How to Get the Most Out of Your Vacation

Medical massage therapist Melissa Galli on vacation with her daughter Evelyn, playing with Gianni at Broadkill Beach, DE.

Though many of us don’t work 9-5 in an office any more, or are retired, there is still a great deal of value in packing a suitcase and heading out of town for a couple of weeks. Summer is vacation time.

Studies have shown that taking time away can have physical and mental health benefits. People who take vacations have lower stress, less risk of heart disease, a better outlook on life and more motivation to achieve goals. These benefits surely tip the scale in favor of taking a break from your daily routine. Research shows the even the planning of a vacation can boost your happiness. Some people experience an elevated mood up to eight weeks before the trip.

Vacations are perfect times to enjoy new experiences. It’s a good time to break no-longer-useful habits and inaugurate new ones. It’s also a great time be open to meeting new people and learning about a new environment. But not all trips turn out to be stress-free. Instead, vacations can become an adventure that makes you more tired and several pounds heavier than you were at the start of the trip.

It doesn’t have to be that way. A vacation doesn’t have to equate to eating and drinking your way to relaxation. You don’t have to throw your nutrition, exercise, and sleep routine out the window in order to have a good time. Just a little planning, thoughtfulness and reflection can make your next vacation the best ever, no matter where you go or who travels with you.

Some Tips

Leave your expectations at home. Expecting something specific to happen only sets you up for disappointment. Instead, be open to your experience and new ways of thinking and feeling.

Take slow, deep breaths anytime anxiety starts. Conscious breathing can help revitalize you, calm you and balance you. You can use this technique anywhere.

Start meditating. Just 10-20 minutes most days sitting quietly is enough to lower blood pressure and restore your energy. Vacations are a good time to start a new habit.

Give yourself a foot massage. One of the best ways to quickly and easily ground yourself is to rub oil or your favorite lotion onto your feet before you go to sleep. I do it every night. If you are there with a partner, exchange the foot rubs for added enjoyment.

Practice conscious consumption. Sometimes our eyes are bigger than our stomachs. Order what you will eat. Try to eat locally-grown fresh fruits and vegetables. Avoid piling food onto your plate at buffets (you can always go back).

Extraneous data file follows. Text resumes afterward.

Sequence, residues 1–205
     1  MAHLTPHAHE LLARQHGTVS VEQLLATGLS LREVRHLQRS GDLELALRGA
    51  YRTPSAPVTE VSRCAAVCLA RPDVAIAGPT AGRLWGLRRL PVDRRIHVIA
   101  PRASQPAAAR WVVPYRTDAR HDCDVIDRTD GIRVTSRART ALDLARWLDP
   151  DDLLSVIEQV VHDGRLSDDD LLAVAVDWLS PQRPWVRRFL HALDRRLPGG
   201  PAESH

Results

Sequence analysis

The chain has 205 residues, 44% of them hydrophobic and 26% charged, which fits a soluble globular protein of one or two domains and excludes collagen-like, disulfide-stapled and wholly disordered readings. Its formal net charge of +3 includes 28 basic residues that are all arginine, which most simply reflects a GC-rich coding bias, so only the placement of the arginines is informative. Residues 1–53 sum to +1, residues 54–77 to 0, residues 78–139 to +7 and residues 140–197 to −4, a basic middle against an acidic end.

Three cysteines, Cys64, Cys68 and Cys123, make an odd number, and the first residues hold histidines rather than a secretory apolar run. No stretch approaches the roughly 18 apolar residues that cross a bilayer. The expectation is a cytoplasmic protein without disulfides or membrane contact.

Turn off the news, social media and alarm clocks.

Get quality sleep. Sleep until you wake up, then take your time getting out of bed.

Drink plenty of water. Eight glasses a day is not enough to stay hydrated if you are outside in the sun and/or if you are drinking alcohol. My rule of thumb is during the summer I always have my water with me. When I drink a glass of wine I also drink a glass of water.

Get moving. As a trainer, clients often complain that on vacation they didn’t do any exercise. Vacations are times to experiment with new ways of working out. I often try out a different kind of exercise class or sport when I’m away from home. When I visited my friend in southern California I went to a class that used inversion tables. It was very different being upside down but it was an effective core workout. While you may not want to head to a gym, you can walk along the beach, through a new town or a museum to get your blood flowing and body working.

Wash your hands often. It’s the most effective way to reduce your risk of catching any germs, bacteria or viruses hanging around. If you are staying in a hotel, bring your own pillow cases, take showers, not baths.

When I travel I always like to explore the less popular tourist sites where there are less crowds. When I want to go to the beach in the summer, I go north to Broadkill, Bowers or Fowler Beach instead of frequenting the more populated Rehoboth, Dewey or Lewes beaches. I’ve become adverse to crowds and traffic. If I want to hike at a beautiful state park, I choose Trapp Pond in the summer instead of the more popular Cape Henlopen.

Finally, chill. Stay cool. Unfamiliar territory, travel delays, traffic and being together 24/7 can create or exacerbate stress levels if you let them. Remember we all have the power to have a fun, relaxing time on vacation if we choose to. Stuff happens. Nothing’s perfect, but we don’t have to let affect us adversely.

For years I hadn’t taken a vacation. Because I owned a business and a dog, getting away required lots of money and planning. I recognized that taking a vacation would cause me more anxiety than staying home would, so I designed my day-to-day routine with pockets of breaks and stress-free activities so I didn’t feel as if I ‘needed’ to get away in order to get some rest.

I’m much wiser now and know the benefits of taking a vacation. I embrace the joy of traveling. I’m planning to take several short trips this year, excited to see friends in Nashville and Raleigh, two cities where I have never been.

Pattie Cinelli is a health and fitness professional and journalist who has been writing her column for more than 25 years. She focuses on non-traditional ways to stay healthy, get fit and get well. Please email her with questions or column suggestions at: